Shop Indie Bookstores
Version Control, Dexter Palmer, Pantheon Books, 2016, 495 pp
Back in 2010, I read Dexter Palmer's first novel, The Dream of Perpetual Motion, and I did not like it much. Seven years later I confess that it was more a case of I didn't get it. I was ignorant of the steampunk genre back then so had no way to determine how or if his steampunk setting was any good. Compounding my ignorance, I somehow missed that it was a retelling of Shakespeare's The Tempest not to mention that as of 2010 I had not read The Tempest. My apologies to Dexter Palmer. I will give the novel another read one of these days.
Version Control on the other hand blew me away. I did not even mind the obvious fact that Palmer was intending to blow as many minds as he could. Though the novel is set in a near future time (including self-driving cars, an internet dating service whose actual moneymaker was data collection sold to political and marketing clients, and a President who appears to people personally on their hand-held devices to wish them Happy Birthday and give them words of wisdom about their "private" worries) this is a love story steeped in science.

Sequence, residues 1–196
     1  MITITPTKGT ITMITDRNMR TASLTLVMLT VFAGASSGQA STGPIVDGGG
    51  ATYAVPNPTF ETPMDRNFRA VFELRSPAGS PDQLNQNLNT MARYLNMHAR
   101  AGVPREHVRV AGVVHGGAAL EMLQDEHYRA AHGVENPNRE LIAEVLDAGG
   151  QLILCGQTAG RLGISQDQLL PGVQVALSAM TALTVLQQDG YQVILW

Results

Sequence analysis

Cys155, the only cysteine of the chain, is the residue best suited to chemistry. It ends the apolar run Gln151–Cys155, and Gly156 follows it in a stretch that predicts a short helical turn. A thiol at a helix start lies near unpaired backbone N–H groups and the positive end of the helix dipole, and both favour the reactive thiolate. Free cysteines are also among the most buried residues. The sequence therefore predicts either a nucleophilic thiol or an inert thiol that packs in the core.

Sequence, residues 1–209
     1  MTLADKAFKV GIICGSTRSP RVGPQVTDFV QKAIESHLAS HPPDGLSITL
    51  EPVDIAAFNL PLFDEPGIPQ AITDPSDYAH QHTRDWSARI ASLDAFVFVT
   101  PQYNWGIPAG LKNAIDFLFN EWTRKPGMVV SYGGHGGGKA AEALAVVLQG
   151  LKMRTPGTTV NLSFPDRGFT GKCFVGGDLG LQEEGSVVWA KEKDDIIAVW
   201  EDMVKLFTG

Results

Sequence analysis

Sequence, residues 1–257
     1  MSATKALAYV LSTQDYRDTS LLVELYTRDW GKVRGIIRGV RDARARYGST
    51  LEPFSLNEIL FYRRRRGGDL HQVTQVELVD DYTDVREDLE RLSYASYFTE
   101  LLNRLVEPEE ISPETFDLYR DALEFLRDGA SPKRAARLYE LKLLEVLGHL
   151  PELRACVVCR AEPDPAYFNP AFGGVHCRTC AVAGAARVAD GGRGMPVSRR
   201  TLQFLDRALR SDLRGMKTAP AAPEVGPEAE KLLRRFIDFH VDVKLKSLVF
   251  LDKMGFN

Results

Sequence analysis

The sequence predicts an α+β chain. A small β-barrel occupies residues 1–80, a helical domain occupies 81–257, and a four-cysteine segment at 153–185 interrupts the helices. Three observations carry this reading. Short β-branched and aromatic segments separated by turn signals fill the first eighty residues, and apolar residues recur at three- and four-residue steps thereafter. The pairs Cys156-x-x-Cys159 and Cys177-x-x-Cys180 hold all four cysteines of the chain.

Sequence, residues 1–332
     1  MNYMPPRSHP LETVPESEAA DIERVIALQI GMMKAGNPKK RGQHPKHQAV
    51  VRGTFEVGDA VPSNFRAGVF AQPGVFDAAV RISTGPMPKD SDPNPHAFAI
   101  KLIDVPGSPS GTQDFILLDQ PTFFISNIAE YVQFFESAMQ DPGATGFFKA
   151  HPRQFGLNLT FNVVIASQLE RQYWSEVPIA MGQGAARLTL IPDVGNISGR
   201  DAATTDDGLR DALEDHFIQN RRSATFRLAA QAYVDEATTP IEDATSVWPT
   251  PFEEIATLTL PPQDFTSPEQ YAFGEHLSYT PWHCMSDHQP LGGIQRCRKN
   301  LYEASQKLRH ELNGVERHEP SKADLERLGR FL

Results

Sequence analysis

Rebecca, who had to go back to living at home after college because she could not find a job, met Philip on the dating site where she also finally got a job. Philip is a mad scientist deeply involved with quantum mechanics, string theory, and developing an invention he calls the "causality violation device" but which the press calls a time machine.
In Version Control, Palmer takes the ever and increasingly popular time travel trope into uncharted territory. He is still pretty wordy (he has a PhD in English lit from Princeton University, so), he is still cramming everything under the sun into his story, and his writing style is still a bit pedestrian though he has his lyrical moments. But he has written a highly entertaining story with perplexing twists and turns and made me even try to understand the science.
When the surprising conclusion I did not even see coming signaled the end of the novel, I felt like I would rather keep reading Version Control for the rest of 2017 rather than start another book.
(Version Control is available in various formats by order from Once Upon A Time Bookstore.)